The PCI Security Standards Council (PCI SSC) is unveiling a set of best practices for mobile payment acceptance security.
The standards, announced Sept. 13, follow predictions by analysts that the global mobile payment market will continue to grow. According to Gartner, worldwide mobile payment transaction values will surpass $171.5 billion in 2012, a roughly 62 percent increase from the $105.9 billion in 2011. The firm also predicts the number of mobile payment users will reach 212.2 million by the end of the year, up from 160.5 million in 2011.
"The trend in mobile payments is to utilize consumer grade devices for operations that were historically performed by hardened hardware terminals," Nicholas J. Percoco, senior vice president at Trustwave's SpiderLabs, told eWEEK. "The challenges are broad and many but some of the top issues revolve around management/control over the device, the integrity of the payment applications, and the security of the payment process."
The best practices were announced at the PCI SSC's North America Community Meeting. Dubbed the PCI Mobile Payment Acceptance Security Guidelines, the best practices are meant to offer software developers and mobile device manufacturers guidance on how to include security controls in solutions for merchants to accept mobile payments safely. The guidelines are focused on securing the payment transactions as well as the broader mobile application platform environment.
â¢ Isolate sensitive functions and data in trusted environments
â¢ Implement secure coding best practices
â¢ Eliminate unnecessary third-party access and privilege escalation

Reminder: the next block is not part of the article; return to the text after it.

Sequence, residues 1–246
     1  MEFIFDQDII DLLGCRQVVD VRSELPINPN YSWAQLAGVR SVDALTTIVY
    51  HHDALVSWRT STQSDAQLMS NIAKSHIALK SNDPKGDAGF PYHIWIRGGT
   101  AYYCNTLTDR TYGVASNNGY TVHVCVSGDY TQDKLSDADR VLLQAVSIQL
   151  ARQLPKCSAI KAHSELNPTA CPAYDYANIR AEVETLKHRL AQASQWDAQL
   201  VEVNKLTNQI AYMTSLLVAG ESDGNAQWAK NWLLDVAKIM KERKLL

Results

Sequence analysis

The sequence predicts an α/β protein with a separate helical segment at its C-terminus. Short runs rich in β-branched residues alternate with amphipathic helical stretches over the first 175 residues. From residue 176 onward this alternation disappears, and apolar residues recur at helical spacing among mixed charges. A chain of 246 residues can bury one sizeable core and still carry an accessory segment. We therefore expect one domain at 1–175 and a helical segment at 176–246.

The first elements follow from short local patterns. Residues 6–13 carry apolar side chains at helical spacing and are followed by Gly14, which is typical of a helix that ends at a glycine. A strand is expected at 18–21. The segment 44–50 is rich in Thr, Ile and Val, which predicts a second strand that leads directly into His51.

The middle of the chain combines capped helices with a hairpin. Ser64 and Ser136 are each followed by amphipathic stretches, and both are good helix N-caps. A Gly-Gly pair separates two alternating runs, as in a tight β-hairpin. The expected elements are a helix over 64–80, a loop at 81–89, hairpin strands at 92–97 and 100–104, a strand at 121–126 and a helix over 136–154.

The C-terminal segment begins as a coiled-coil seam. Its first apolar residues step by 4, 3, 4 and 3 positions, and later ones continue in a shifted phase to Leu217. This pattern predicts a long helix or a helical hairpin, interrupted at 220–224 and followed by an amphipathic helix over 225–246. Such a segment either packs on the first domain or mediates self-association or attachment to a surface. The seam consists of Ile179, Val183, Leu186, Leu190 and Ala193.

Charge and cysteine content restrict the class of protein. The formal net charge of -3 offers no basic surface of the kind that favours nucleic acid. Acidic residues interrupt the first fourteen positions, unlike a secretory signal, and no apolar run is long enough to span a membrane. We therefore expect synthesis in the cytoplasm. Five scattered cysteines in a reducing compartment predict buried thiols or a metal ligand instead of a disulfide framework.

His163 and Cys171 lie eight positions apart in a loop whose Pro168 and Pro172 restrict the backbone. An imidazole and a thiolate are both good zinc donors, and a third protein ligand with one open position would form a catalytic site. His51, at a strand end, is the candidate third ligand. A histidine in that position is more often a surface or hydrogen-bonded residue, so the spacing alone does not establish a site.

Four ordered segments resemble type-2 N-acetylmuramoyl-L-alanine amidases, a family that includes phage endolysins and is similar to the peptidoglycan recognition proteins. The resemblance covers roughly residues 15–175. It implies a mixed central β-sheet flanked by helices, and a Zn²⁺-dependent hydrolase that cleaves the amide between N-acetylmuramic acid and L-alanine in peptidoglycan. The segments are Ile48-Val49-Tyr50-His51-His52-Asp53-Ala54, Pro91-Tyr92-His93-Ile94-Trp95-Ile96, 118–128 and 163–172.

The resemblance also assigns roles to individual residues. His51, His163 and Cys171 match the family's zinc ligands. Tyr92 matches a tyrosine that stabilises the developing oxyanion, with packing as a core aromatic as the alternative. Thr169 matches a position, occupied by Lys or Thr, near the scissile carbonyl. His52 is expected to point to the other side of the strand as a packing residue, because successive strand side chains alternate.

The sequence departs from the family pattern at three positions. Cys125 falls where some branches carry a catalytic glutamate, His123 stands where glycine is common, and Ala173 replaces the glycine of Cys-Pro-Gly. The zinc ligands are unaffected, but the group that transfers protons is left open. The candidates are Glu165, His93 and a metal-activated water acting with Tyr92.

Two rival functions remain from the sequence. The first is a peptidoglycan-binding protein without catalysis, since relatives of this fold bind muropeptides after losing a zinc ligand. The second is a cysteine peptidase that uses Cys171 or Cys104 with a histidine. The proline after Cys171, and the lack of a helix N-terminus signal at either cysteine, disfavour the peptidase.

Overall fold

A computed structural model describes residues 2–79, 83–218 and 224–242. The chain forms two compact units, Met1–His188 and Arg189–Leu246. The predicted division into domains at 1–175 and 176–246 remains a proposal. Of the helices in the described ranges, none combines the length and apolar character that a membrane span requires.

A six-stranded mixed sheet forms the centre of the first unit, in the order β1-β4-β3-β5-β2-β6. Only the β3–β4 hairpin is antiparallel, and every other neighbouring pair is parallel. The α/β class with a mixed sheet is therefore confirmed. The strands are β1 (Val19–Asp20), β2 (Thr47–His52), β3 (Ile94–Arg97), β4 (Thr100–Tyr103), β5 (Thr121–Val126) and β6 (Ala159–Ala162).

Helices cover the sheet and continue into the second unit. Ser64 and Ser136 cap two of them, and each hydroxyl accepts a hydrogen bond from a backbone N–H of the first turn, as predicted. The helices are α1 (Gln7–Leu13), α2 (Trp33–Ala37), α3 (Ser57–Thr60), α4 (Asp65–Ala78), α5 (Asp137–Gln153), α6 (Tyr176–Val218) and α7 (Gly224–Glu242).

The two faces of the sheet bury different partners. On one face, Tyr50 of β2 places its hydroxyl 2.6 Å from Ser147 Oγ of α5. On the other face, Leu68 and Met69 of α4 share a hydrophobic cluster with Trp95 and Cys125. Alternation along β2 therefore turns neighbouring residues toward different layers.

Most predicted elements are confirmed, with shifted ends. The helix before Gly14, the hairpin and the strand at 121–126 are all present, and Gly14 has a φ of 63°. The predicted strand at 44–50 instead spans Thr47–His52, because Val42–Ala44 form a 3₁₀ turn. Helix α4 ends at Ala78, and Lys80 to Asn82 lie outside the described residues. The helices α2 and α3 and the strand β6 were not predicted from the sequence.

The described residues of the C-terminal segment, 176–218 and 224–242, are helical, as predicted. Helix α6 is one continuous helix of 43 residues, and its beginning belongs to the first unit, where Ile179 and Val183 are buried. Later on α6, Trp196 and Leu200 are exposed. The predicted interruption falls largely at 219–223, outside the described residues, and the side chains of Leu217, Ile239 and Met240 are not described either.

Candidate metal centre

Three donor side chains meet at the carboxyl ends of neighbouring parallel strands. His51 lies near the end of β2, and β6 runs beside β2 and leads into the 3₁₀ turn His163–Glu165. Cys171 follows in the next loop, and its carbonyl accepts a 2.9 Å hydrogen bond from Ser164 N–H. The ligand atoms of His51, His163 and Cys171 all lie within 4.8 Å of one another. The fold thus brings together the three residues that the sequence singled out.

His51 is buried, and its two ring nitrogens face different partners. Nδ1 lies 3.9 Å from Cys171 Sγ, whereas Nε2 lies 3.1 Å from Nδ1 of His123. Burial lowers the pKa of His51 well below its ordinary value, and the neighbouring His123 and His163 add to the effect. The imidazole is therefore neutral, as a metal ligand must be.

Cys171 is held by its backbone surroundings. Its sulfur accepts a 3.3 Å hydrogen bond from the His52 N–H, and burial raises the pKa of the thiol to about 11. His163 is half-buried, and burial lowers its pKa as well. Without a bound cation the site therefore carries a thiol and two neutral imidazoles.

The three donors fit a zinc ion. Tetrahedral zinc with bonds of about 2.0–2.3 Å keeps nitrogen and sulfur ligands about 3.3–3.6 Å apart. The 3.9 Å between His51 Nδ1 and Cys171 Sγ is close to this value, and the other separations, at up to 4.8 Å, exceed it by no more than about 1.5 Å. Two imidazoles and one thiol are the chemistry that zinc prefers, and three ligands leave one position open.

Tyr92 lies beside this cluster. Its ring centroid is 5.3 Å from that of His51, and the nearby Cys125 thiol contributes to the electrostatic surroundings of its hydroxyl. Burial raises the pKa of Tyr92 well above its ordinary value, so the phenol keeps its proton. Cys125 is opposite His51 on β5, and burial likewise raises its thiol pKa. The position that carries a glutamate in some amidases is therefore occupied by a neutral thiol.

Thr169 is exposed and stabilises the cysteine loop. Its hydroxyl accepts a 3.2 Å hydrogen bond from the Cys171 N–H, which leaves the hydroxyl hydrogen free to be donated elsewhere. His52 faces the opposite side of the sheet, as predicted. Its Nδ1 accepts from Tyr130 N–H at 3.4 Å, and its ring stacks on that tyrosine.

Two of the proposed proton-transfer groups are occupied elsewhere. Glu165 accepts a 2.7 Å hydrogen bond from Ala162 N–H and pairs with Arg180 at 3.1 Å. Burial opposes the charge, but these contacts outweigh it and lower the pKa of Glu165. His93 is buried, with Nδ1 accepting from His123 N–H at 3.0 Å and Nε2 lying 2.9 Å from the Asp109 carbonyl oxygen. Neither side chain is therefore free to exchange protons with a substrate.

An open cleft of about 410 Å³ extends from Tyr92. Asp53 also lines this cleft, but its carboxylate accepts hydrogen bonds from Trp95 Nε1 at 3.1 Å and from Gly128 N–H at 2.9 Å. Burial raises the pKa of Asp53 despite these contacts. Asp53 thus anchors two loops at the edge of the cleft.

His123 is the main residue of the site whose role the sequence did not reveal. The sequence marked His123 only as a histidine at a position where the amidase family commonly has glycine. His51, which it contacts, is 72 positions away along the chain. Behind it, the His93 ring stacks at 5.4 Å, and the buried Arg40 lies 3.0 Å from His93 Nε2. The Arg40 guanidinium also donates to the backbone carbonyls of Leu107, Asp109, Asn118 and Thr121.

â¢ Create the ability to remotely disable payment applications
â¢ Create server-side controls and report unauthorized access
According to the guidance, developers should ensure that a trusted path exists between the data-entry mechanism (e.g., manual key entry or entry via a card reader) and the mobile device so that account data cannot be intercepted by an unauthorized party. This can be accomplished using a trusted execution environment that restricts access between the mechanism receiving account data and secured memory located inside the device. As an alternative, account data can be encrypted appropriately before it is entered into the mobile device.
"Applications are going to market so quickly-anyone can design their own app today that can be used to accept payments tomorrow," PCI SSC CTO Troy Leach said in a statement. "It's our hope that in educating this new group of developers, as well as device vendors on what they can do to build security into their design process, that we'll start to see the market drive more secure options for merchants to protect their customers' data."
In the short-term, security will probably not hurt the adoption of mobile payment technologies because many small businesses are not aware of the current risks, said Percoco.
"Long-term, as criminals begin to focus more on capitalizing on the flaw in current mobile solutions, there could be impacts to organization successfully utilizing mobile as a payment platform," he said. "PCI SCC rolled out their best practice guide as a step in the right direction for educating the mobile payment application development community."